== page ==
As the Coronavirus continues to spread across the globe, and daily stress and anxiety levels rise to new heights, I’m reaching out to you to offer a free download on my website which has been written specifically to help people deal with the daily uncertainties they are facing about the virus.
Studies have shown that facing uncertainty is often scarier than facing physical pain.
The human brain over millennia has developed an aversion to uncertainty. It is a carry-over from our inherent “fight-or-flight” reaction to threat. In our constant quest for certainty in our lives, we are wired to “catastrophise” – to view a given situation as worse than it actually is.
And this leads to worry, which in turn leads to anxiety.
For many of us who have never experienced events that have an enormous impact on everyday lives, these are unprecedented times.
Some people may already suffer with low-level anxiety and have found their symptoms have ramped up recently; others might be feeling new physical and psychological strains for the first time.
The lack of answers to questions raised by the current uncertainty – “What will happen?”, “What is in the future for us?”, “What if my livelihood is threatened?” – can lead to frustration, anger and aggression.
And awareness is the key. It is our superpower.
Feelings of uncertainty can be mitigated by the following:
• Be conscious of the “worry story” you tell yourself – and try to distance yourself from it.
• Focus on your breathing – take long, slow breaths.
• Recognise the need to rise above “fight-or-flight”.
• Accept the uncertainty – and allow yourself to stop the struggle against it.
I’ve spent years helping people to cope with and reduce their anxiety.
The techniques I teach my clients, whatever the trigger for their condition, can also be applied successfully in this current pandemic. I’d encourage anyone who is feeling stressed or anxious, whether they are directly affected by Coronavirus or are just generally worried about it, to download my session and see if it helps.”
The 18-minute English-language audio recording can be accessed from any computer or device, and simply requires the listener to be settled in a safe, quiet space, where they can fully engage with the words I’m speaking. Even just taking 15-20 minutes out of your day to focus on yourself, rather than the latest virus news update, can help you regain a sense of balance and focus. It’s all about relaxing your mind, deflecting the negative thoughts, and replacing them with calm, positive ones.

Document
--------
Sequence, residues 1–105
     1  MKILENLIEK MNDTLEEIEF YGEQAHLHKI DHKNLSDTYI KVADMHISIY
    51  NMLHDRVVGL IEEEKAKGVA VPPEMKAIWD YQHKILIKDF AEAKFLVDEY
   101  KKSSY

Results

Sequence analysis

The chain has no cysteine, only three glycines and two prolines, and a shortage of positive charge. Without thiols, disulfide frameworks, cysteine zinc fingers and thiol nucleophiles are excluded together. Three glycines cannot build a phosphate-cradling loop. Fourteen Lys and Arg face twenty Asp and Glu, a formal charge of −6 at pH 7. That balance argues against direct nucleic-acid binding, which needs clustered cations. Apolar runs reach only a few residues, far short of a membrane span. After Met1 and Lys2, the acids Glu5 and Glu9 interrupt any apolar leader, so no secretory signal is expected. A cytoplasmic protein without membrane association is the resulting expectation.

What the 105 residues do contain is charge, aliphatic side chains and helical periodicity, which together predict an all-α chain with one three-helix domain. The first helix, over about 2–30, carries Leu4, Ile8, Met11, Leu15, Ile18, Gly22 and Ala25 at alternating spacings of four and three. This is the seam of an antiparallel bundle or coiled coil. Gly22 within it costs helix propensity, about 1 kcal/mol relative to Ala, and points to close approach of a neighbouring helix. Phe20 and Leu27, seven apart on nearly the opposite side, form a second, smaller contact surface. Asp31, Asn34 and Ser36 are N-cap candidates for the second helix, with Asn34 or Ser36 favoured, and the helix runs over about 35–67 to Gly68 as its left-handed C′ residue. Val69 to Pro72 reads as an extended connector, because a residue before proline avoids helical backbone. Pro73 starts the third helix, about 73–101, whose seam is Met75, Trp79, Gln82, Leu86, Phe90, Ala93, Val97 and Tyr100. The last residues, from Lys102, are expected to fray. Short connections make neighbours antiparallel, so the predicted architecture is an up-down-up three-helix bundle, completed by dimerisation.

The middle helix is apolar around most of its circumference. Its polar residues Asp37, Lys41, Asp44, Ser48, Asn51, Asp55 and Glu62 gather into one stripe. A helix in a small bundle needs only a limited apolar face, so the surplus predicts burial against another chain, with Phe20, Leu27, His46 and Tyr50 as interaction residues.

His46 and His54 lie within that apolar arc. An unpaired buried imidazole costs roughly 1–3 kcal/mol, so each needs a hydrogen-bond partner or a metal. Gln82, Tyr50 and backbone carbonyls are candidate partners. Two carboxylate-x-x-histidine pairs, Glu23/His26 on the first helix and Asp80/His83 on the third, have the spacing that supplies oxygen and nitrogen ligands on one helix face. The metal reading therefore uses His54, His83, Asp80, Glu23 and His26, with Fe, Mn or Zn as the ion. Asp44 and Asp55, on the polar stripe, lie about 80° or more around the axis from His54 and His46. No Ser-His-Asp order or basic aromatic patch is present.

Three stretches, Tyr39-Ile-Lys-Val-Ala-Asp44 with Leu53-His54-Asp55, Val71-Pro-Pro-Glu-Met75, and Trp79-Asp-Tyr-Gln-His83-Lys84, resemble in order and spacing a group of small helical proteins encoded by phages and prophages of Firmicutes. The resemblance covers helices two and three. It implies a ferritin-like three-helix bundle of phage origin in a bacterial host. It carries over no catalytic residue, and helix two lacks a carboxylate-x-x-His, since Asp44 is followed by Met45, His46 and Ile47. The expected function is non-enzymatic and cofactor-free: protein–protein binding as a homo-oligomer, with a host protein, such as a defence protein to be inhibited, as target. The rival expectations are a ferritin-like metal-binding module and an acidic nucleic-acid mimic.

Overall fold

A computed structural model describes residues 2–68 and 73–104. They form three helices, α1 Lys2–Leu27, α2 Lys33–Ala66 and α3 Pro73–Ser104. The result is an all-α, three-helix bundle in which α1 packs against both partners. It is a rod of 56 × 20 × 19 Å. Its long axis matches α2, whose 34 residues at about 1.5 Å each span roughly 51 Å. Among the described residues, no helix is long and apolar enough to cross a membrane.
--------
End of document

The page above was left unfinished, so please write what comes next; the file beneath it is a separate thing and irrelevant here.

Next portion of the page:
I would advise you to schedule a ‘worry window’, so you can better manage any negative thoughts and feelings by containing them in a predetermined time slot, and free up the rest of your day by banishing intrusive thoughts.
To some degree it’s natural to worry, and we all do it – it’s how our brain handles problems or potential problems.
But it stops being useful if we become stuck in a cycle of negative thoughts about things that are out of our control.
We should instead focus on those things within our control, and how we choose to respond to them.”
One such way people have been trying to exercise control and diminish their worries is by the unhelpful practice of ‘panic-buying’ goods, such as hand sanitiser and toilet roll.
One of the drivers of this behaviour is down to an overload of the ‘fight-or-flight’ response that’s hardwired into our DNA and is being further fuelled by images of empty shelves in the media, and on social media.
It’s an exaggeration of a natural reaction – we think we’re fighting for our survival. Suddenly, certain items take on much greater significance than usual and just possessing them seems to calm our fears, that is until the next bout of fear takes hold about a different ‘essential’ item.
This pandemic has many repercussions beyond the actual virus. One is the potential impact on mental health and wellbeing as people try to manage an increasingly stressful situation.
And if Mike can help ease that stress in just a small way, he believes it’s worthwhile trying.
Mike Holland is a professional, fully qualified Clinical Hypnotherapist registered with the National Council for Hypnotherapy (NCH) and the General Hypnotherapy Register (GHR).
He is also a fully qualified & registered Mindfulness Teacher and teaches Mindfulness Meditation in 1-1 and group sessions and during the current coronavirus crisis, is providing all of his services online through Zoom and Skype sessions, so all people need is a decent internet connection and a device such as a smartphone, laptop iPad to access them.
He is currently supporting the NHS frontline staff by acting as a Check in & Chat volunteer and is on duty every day to talk to people suffering from the stresses and anxiety that isolation can bring.
Through his work, Mike has helped to improve the lives of hundreds and hundreds of people and is ready to help you to beat the uncertainty that this situation is causing many people.
For more information on this and the other services Mike offers, please contact him on firstname.lastname@example.org or text/call him on 07446 005472.